Why does the linux XRDP module use a 512 bit RSA key? 512 bit RSA keys are broken by now. How can this be safe?

  • 1
    Why not ask them? Commented Mar 26, 2014 at 6:28
  • @StephenTouset Their project is pretty much dead...
    – Xeron
    Commented Mar 26, 2014 at 6:44
  • 1
    @Xeron Isn't that an answer on its own then?
    – TildalWave
    Commented Mar 26, 2014 at 8:03
  • @Xeron This is active (github.com/neutrinolabs/xrdp/issues). Ask there.
    – Adi
    Commented Mar 26, 2014 at 8:12
  • Voting to reopen -- this received a fact-based and reasoned answer.
    – Jens Erat
    Commented Mar 25, 2016 at 13:57

1 Answer 1


Basically it is not safe. As far as I know, they use 512-bit RSA because they mimic what Microsoft's RDP server used to do, which indeed implied a 512-bit RSA key; using something bigger would risk breaking compatibility with existing clients. Biggest issue, though, is not that the 512-bit key is weak because too short; the main problem is that, as a client, you have no way to make sure that the key is see is indeed the one from the genuine server. Man-in-the-Middle attacks are a plausible possibility, and increasing the key size to 2048 bits would not help in any way.

Relationship of RDP with security is complicated and convoluted. The protocol has historically used its own embedded security system, something roughly SSL-like, but never analysed with any decent level of detail. Previously it did not even encrypt anything, or just the user password. If you want security with RDP, you should use it within a VPN; on Linux, consider SSH as a way to initiate cheap but robust tunnels. Microsoft pushes their own mechanism, called Remote Desktop Gateway -- basically wrapping the complete protocol into a regular SSL tunnel.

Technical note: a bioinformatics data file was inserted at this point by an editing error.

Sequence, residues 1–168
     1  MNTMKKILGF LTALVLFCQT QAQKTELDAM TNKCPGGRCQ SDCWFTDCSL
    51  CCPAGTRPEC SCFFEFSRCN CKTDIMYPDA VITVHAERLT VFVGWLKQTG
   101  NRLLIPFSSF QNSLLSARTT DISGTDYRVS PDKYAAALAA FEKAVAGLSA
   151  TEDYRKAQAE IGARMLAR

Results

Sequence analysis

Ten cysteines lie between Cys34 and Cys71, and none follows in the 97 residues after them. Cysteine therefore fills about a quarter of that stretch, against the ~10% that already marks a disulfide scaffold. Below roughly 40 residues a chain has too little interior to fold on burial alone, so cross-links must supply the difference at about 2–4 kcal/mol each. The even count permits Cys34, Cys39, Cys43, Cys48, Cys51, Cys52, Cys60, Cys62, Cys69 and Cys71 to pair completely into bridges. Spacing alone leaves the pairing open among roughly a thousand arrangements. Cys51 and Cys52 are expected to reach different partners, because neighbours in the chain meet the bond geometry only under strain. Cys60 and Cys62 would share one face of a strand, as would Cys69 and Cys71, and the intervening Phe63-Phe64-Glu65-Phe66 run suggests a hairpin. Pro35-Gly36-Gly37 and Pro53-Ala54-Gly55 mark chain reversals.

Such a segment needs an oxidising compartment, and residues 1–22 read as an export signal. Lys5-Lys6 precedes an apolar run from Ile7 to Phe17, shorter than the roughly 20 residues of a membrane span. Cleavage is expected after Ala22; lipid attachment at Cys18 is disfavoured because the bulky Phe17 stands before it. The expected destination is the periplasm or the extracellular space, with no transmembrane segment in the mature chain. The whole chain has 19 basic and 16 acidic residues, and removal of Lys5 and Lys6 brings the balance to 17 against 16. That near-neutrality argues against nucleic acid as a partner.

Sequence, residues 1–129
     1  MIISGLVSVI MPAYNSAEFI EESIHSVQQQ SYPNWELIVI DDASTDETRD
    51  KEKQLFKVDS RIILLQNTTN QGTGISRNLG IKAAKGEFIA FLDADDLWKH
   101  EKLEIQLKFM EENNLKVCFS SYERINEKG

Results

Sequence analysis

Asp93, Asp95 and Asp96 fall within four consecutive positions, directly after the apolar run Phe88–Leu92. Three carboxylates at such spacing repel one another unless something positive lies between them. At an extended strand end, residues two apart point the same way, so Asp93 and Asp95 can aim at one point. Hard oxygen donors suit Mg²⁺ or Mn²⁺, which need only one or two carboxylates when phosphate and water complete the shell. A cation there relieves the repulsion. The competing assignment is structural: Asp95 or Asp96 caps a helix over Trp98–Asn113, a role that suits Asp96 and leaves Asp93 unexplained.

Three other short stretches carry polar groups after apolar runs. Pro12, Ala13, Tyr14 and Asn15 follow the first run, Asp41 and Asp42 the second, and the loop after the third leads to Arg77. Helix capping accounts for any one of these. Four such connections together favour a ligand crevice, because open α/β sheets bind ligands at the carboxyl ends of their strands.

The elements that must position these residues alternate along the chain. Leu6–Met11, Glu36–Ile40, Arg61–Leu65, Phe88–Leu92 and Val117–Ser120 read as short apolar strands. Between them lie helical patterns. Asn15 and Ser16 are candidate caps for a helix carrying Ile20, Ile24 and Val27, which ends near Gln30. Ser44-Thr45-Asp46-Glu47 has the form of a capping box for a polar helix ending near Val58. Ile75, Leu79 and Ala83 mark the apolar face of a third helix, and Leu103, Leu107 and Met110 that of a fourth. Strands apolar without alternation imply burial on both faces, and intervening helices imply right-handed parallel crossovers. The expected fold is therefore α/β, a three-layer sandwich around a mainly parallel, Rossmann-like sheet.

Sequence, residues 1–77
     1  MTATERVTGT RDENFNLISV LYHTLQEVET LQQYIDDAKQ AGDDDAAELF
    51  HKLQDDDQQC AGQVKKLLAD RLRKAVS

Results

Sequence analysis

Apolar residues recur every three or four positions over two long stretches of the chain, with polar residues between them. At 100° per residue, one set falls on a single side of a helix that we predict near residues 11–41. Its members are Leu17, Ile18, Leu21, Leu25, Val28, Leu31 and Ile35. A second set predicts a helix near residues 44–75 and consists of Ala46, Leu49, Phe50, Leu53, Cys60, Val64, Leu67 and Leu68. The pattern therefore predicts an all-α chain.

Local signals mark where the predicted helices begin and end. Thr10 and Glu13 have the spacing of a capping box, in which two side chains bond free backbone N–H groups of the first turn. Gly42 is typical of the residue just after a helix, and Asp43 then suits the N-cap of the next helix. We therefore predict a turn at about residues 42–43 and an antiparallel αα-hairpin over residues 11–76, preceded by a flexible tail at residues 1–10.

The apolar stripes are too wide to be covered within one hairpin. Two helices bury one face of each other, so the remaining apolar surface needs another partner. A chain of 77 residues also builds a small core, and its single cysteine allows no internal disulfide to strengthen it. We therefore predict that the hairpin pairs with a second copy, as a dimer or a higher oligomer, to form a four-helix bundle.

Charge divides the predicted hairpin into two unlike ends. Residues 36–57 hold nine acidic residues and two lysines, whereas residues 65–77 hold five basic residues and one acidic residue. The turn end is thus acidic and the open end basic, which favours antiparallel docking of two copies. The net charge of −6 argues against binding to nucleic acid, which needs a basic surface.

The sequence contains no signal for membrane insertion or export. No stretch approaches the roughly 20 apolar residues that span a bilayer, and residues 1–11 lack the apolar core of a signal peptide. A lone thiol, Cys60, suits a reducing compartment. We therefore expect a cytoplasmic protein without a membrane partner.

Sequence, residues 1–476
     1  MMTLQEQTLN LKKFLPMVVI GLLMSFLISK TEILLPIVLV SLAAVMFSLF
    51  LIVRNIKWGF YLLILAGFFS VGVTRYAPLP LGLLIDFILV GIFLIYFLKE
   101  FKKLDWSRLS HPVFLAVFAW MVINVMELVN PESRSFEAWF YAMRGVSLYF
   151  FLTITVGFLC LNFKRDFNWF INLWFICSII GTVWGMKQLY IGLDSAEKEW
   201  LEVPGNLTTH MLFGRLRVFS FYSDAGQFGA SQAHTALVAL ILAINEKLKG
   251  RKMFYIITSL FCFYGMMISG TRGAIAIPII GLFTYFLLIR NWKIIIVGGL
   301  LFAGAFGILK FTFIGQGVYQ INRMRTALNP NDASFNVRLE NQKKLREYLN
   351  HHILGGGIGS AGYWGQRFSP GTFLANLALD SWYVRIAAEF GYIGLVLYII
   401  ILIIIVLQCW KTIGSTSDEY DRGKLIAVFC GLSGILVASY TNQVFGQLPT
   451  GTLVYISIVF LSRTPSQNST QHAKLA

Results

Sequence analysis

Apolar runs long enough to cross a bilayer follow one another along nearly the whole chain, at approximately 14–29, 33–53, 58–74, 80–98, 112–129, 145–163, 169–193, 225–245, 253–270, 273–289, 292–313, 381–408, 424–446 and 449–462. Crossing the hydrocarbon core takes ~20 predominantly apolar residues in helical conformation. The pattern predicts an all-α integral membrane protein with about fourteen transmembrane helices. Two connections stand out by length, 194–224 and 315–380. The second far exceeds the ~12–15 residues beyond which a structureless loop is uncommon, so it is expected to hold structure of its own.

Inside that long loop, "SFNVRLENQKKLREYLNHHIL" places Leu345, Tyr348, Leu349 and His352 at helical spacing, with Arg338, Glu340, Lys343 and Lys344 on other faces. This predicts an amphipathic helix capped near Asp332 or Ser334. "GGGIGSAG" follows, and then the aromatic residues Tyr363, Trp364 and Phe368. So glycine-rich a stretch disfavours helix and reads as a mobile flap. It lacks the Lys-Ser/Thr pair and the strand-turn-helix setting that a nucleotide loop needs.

• The question, or at least this well-informed answer, should probably be moved or copied here
    – fgrieu
    Commented Mar 26, 2014 at 17:27
  • I added my own answer, but the moderators apparently feel I have nothing to contribute to the discussion and so they deleted it. So we'll see if they also delete this comment, copied from my answer: "You might want to look into this newer feature: TLS security layer github.com/neutrinolabs/xrdp/wiki/TLS-security-layer Ultimately if they reach the point where only TLS can be negotiated and you use a strong certificate then I would consider it more trustworthy." Commented May 26, 2016 at 18:45
  • Fundamentally I think the real problem OP is wanting to solve is he/she wants a safe RDP connection that is (1) encrypted, (2) authenticated; TLS is an established way to do both, and I believe is a newer method added to xrdp since @ThomasPornin answered. But, I guess that is not an "acceptable answer".... Commented May 26, 2016 at 18:46

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